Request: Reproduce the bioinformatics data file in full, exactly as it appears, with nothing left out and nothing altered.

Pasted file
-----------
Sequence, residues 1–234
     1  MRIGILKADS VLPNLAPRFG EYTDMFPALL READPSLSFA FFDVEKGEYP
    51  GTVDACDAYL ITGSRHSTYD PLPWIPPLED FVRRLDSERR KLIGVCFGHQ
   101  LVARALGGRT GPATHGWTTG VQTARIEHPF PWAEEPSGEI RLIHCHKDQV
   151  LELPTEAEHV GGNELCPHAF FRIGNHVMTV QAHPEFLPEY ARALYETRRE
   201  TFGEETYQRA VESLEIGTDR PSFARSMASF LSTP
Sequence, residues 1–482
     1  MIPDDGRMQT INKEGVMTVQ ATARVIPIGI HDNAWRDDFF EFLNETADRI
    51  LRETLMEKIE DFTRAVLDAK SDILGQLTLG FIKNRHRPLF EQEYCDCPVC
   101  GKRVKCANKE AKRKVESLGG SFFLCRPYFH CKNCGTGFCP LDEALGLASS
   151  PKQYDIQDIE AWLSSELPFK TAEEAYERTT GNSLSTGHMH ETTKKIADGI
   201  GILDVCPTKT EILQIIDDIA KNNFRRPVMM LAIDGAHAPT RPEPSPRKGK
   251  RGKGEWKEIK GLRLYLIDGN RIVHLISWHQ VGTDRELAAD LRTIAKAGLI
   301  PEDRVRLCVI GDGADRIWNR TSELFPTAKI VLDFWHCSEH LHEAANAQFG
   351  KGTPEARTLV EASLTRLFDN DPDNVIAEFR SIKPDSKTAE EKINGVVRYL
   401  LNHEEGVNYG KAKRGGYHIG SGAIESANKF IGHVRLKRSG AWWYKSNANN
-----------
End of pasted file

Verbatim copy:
Sequence, residues 1–234
     1  MRIGILKADS VLPNLAPRFG EYTDMFPALL READPSLSFA FFDVEKGEYP
    51  GTVDACDAYL ITGSRHSTYD PLPWIPPLED FVRRLDSERR KLIGVCFGHQ
   101  LVARALGGRT GPATHGWTTG VQTARIEHPF PWAEEPSGEI RLIHCHKDQV
   151  LELPTEAEHV GGNELCPHAF FRIGNHVMTV QAHPEFLPEY ARALYETRRE
   201  TFGEETYQRA VESLEIGTDR PSFARSMASF LSTP
Sequence, residues 1–482
     1  MIPDDGRMQT INKEGVMTVQ ATARVIPIGI HDNAWRDDFF EFLNETADRI
    51  LRETLMEKIE DFTRAVLDAK SDILGQLTLG FIKNRHRPLF EQEYCDCPVC
   101  GKRVKCANKE AKRKVESLGG SFFLCRPYFH CKNCGTGFCP LDEALGLASS
   151  PKQYDIQDIE AWLSSELPFK TAEEAYERTT GNSLSTGHMH ETTKKIADGI
   201  GILDVCPTKT EILQIIDDIA KNNFRRPVMM LAIDGAHAPT RPEPSPRKGK
   251  RGKGEWKEIK GLRLYLIDGN RIVHLISWHQ VGTDRELAAD LRTIAKAGLI
   301  PEDRVRLCVI GDGADRIWNR TSELFPTAKI VLDFWHCSEH LHEAANAQFG
   351  KGTPEARTLV EASLTRLFDN DPDNVIAEFR SIKPDSKTAE EKINGVVRYL
   401  LNHEEGVNYG KAKRGGYHIG SGAIESANKF IGHVRLKRSG AWWYKSNANN